ALONG with Adam and Paul (2004) and Garage (2007), director Lenny Abrahamson’s new film What Richard Did underlines his reputation as the finest Irish filmmaker of recent years.
What Richard Did has a detached yet lyrical camera style, intensely emotional photography, and a captivating lead performance by newcomer Jack Reynor.
Supported by an able young cast, Reynor is a revelation as a charismatic teenager from Dublin’s middle classes who — in a moment of drunkenness and pent-up fury — becomes a killer.
The film is a loose adaptation of Kevin Power’s 2008 novel Bad Day in Blackrock. The book was based on the infamous Club Anabel case in which a young man, Brian Murphy, died outside the Burlington Hotel in 2000, after a terrifying fight with a number of other young men. The controversial case, which rumbled on in the courts for years, triggered discussion of Dublin’s private school culture and, for some, raised questions about the justice system.
For Abrahamson and Reynor, who sit together in a Dublin hotel suite, the Anabel case, and the degree to which What Richard Did evokes it, is by now a well-worn topic of conversation.
“It’s going to be in people’s heads and, therefore, I have a responsibility to deal with it,” says Abrahamson. “The reason I feel I can stand proudly behind this film is that I made a very conscious decision to remove any existing traces from Kevin’s book that linked it to any particular event. And I have made it a fully fictional film.”
“We spent eight months developing this film before we went into the shoot,” says Reynor. “What we did during that time was invest a lot of our own experiences as an ensemble of actors — our own experiences of school, of society, of family, religion, politics, and everything. And from those very candid conversations we developed our script. So, as far as I’m concerned, I’m playing a totally original character. I’m not portraying anybody.”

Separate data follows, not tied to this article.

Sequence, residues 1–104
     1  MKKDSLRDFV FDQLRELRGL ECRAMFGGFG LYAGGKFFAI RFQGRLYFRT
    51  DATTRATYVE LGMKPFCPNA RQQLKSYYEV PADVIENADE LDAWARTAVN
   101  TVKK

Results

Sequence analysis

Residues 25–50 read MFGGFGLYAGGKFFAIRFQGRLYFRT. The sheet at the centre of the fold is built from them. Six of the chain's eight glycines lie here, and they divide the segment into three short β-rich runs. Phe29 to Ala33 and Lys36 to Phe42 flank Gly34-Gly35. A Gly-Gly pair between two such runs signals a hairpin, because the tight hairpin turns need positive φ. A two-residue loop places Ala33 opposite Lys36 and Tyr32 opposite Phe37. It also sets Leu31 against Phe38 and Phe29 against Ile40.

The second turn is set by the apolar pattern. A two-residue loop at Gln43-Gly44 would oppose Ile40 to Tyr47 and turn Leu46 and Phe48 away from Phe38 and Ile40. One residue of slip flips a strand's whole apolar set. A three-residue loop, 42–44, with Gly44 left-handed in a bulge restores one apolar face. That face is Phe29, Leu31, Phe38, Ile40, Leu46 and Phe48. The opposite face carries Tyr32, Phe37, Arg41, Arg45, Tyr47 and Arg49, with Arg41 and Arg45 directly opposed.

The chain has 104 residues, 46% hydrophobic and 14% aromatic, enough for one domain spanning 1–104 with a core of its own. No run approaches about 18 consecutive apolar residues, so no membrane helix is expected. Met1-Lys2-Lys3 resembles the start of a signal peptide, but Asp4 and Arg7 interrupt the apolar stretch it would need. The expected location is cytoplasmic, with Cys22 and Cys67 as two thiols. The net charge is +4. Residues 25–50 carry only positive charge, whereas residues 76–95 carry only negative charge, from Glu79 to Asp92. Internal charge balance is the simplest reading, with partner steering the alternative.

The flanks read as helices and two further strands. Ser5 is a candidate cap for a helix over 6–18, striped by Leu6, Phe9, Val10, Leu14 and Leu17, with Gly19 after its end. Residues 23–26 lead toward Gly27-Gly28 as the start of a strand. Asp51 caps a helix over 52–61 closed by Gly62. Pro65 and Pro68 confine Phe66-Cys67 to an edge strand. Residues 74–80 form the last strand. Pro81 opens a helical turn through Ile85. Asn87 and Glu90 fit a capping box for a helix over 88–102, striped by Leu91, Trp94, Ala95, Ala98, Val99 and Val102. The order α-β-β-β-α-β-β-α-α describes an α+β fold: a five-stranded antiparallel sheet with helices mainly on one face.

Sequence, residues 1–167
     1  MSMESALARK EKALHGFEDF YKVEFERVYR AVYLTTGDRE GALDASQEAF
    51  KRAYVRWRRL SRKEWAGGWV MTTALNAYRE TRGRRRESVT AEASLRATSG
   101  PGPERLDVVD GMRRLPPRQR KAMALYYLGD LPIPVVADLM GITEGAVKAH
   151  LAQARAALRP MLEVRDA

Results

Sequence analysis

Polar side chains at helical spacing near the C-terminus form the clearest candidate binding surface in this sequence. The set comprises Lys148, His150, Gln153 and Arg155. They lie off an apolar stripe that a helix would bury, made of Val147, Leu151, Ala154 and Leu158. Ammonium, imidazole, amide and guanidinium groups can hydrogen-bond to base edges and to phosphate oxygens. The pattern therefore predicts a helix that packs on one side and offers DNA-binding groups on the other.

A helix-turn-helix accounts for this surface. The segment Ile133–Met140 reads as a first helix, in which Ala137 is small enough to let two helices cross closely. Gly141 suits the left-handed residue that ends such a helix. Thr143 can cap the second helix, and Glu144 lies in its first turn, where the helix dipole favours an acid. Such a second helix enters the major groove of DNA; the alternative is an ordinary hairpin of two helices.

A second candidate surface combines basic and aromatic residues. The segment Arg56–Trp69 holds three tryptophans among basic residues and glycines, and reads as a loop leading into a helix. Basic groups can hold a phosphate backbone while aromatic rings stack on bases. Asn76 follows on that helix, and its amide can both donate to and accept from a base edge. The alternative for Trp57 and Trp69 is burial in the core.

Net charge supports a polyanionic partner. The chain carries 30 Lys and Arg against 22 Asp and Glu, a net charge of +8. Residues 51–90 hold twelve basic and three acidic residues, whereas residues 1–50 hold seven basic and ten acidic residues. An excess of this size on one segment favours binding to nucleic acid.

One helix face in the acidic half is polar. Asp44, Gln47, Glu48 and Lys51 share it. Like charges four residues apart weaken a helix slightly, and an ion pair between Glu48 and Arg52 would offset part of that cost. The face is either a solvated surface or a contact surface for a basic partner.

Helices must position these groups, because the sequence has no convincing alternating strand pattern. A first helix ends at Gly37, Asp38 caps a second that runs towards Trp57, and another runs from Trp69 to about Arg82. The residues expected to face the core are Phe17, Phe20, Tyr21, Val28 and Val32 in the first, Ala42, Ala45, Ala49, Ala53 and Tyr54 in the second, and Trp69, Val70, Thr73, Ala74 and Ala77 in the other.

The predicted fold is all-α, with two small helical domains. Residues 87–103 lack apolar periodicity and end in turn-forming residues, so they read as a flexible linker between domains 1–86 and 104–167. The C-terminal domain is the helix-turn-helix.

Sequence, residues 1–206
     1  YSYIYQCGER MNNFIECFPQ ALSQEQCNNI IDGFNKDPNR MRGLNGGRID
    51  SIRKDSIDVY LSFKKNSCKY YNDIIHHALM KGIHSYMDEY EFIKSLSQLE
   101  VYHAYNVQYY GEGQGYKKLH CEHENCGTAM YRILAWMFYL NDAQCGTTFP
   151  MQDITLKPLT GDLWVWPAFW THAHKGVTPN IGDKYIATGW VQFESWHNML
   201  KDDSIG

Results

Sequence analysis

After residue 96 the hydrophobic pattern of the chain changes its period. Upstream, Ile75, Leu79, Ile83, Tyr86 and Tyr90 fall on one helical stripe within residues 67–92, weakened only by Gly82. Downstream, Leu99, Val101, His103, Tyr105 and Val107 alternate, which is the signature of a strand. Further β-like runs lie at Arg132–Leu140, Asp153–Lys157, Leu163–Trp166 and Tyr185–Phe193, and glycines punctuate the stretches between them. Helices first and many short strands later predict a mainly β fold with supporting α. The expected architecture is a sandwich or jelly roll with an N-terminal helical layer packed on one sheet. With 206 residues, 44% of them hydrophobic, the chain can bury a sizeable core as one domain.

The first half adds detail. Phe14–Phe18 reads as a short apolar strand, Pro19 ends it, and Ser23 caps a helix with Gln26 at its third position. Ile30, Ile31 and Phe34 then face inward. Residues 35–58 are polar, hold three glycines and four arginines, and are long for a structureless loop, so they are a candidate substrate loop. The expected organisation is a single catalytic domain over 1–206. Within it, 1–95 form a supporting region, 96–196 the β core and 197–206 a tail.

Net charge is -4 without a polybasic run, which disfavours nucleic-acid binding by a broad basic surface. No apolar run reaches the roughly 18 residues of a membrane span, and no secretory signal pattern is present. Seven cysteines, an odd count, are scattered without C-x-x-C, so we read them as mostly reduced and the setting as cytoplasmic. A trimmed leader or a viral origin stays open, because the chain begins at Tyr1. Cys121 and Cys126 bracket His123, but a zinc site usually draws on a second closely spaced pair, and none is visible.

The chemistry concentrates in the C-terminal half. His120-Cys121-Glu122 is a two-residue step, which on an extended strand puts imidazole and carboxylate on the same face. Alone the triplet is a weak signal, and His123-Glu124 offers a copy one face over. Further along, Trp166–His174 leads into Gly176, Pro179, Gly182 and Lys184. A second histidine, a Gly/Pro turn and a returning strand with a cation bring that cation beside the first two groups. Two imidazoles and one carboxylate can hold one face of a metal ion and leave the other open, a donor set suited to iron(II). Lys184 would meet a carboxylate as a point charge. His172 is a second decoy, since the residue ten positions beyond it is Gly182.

Reynor’s Richard is the captain of his school’s rugby side. A minor deity among his select circle, he is cool, at ease with the adulation, and yet enigmatic, vulnerable, and strangely cut-off.
During a frightening drunken scuffle, he and his two friends kill another young boy, and Richard becomes even more difficult to pin down. The film’s elegant cinematography reinforces the idea of a character who is at once visible to us and yet also obscure, and the eerie detachment of Abrahamson’s style is riveting.
As the title suggests, the film presents us only with this young man’s actions. It’s left to the viewer to decide for themselves about those actions.
Reynor inhabits the character with an inspired naturalism, making Richard both palpably real and yet ultimately inscrutable.
“That’s a thing that I’m really obsessed by,” says Abrahamson. “In the world of conventional drama, there’s this idea that a character is really just a sum of psychological traits. What does the character want? Who are they? The assumption is that if you can’t answer those questions, then you don’t have a real character.